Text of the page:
"THE COURT: And certainly there is - -
"[APPELLANT]: You don't think I know how to get here to there?
"THE COURT: Erratic behavior which the Court believes would place her in harm's way. I do not believe that she can function on the streets. The Court believes that she is at such a level - -
"[APPELLANT]: I'm not functioning on the streets.
"THE COURT: - - of being unable to control her behavior that if released that it would be highly probable that she would be facing great physical danger to herself.
"So the Court is going to find that there's clear and convincing evidence that [appellant] is dangerous to herself and is unable to provide for her basic personal needs, and is not receiving the care that's necessary for health or safety."
The court concluded that appellant was unwilling, unable, or unlikely to participate in a voluntary treatment program and ordered her committed to the custody of the Mental Health Division for a period not to exceed 180 days.
On appeal, appellant contends that the trial court erred in committing her because the state did not establish by clear and convincing evidence that she presents a danger to herself or is unable to provide for her basic personal needs. We agree.
We first consider whether the state established that appellant is a danger to herself. The state argues that appellant's weight loss, inability to control herself, and head-battering incident in the police car "demonstrate an inclination to engage in dangerous behavior" as a result of her illness. Although the weight loss and the incident in the police car may suggest an inclination by appellant to engage in behavior that conceivably could harm her, we are not persuaded that the evidence meets the standard for civil commitment. There is no evidence that appellant's poor judgment and lack of self-control have resulted in harm, so we are left to speculate about how her condition might lead her to harm herself in the future. However, "[a]pprehensions and speculations alone are not enough to find a person in need of treatment." State v. Stanley, 117 Or App 327, 330, 843 P2d 1018 (1992). We therefore conclude that the state did not establish by clear and convincing evidence that appellant's condition made her dangerous to herself.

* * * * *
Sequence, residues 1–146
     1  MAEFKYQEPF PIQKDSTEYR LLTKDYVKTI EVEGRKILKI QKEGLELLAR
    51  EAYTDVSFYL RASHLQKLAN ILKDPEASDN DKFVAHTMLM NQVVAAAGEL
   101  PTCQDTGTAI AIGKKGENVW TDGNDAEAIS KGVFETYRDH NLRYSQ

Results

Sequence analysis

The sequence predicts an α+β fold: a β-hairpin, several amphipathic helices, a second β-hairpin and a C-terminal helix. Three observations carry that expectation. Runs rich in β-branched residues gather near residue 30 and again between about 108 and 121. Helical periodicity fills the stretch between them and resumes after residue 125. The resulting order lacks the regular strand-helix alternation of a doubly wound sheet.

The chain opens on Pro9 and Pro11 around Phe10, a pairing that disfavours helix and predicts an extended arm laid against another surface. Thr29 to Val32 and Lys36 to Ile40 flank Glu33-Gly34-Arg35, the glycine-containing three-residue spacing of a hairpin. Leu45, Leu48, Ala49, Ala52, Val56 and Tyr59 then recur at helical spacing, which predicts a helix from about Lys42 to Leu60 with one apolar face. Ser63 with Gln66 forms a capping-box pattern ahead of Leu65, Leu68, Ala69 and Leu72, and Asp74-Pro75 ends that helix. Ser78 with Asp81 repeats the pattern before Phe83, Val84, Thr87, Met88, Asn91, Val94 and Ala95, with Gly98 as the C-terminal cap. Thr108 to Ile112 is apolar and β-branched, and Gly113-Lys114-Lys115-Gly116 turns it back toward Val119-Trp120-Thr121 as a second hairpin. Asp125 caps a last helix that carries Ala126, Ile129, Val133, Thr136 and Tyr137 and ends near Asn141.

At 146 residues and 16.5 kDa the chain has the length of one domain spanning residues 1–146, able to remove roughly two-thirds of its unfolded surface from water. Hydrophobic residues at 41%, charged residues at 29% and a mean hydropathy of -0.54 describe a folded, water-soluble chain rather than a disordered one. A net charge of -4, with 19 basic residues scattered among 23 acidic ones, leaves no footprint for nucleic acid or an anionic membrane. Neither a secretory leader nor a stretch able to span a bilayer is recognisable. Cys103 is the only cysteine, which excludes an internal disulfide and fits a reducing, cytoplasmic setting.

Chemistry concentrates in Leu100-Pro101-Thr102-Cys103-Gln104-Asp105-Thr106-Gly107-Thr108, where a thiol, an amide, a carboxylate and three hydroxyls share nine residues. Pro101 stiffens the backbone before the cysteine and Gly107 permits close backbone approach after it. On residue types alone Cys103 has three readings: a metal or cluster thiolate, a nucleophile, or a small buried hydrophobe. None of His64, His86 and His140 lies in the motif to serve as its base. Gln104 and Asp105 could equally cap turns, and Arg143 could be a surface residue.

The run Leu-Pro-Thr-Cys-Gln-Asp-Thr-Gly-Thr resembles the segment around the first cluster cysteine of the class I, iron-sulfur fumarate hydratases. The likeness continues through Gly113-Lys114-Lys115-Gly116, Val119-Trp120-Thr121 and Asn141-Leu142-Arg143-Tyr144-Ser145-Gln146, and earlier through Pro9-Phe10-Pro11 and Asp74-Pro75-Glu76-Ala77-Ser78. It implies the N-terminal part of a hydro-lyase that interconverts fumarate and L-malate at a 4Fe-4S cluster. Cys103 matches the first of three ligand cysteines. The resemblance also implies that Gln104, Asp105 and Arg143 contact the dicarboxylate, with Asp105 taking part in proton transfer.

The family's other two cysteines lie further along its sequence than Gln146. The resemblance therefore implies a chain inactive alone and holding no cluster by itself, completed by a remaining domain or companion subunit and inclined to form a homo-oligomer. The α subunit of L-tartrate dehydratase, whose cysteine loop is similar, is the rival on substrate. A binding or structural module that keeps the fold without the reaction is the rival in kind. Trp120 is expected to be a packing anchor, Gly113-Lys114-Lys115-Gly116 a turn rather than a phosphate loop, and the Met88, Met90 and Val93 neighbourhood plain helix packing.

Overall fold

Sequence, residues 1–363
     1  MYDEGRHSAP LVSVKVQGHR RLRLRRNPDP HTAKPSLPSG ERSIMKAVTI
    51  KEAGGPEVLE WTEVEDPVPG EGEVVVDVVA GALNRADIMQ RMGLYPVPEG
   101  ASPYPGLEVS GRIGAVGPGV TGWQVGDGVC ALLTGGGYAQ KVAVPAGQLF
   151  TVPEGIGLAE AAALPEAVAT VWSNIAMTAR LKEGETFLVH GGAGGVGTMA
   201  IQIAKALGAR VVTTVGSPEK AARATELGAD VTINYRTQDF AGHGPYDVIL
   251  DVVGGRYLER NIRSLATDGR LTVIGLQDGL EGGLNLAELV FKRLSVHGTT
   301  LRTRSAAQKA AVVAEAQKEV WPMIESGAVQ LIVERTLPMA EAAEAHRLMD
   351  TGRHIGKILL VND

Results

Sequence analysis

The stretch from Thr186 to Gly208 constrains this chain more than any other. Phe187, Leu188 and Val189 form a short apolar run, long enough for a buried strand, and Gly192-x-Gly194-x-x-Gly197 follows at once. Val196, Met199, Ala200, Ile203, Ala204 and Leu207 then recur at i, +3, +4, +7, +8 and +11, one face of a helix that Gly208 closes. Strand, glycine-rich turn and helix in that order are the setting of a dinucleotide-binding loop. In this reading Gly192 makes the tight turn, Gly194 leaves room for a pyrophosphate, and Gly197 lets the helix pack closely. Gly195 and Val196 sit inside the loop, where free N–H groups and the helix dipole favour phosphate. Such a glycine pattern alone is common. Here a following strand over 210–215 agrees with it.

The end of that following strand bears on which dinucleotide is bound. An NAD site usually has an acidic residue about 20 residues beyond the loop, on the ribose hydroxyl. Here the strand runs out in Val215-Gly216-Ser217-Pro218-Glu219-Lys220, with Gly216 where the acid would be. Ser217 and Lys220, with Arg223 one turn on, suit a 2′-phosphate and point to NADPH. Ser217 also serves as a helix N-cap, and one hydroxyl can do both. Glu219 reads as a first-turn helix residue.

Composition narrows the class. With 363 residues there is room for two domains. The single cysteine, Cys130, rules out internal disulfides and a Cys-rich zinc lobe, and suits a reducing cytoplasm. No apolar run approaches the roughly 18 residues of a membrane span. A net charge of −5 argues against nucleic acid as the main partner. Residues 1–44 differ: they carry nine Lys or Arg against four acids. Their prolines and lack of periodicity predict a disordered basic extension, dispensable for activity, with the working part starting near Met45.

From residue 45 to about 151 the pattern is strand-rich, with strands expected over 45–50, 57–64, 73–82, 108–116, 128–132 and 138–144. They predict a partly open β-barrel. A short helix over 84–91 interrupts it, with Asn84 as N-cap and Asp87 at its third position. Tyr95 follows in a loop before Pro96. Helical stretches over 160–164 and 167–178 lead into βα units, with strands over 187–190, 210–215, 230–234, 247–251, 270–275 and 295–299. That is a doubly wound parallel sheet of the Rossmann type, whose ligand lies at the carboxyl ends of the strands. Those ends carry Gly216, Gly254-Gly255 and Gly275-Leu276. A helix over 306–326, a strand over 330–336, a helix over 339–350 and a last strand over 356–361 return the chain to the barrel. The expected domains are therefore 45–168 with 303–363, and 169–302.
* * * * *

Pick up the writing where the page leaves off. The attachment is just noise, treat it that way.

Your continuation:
We next consider whether the state established that appellant was unable to provide for her basic personal needs. We explained in State v. Bunting, 112 Or App 143, 145-46, 826 P2d 1060 (1992), that
"[t]he legislature's 'basic needs' commitment standard focuses on the capacity of the individual to survive, either through [her] own resources or with the help of family or friends.
"* * * * *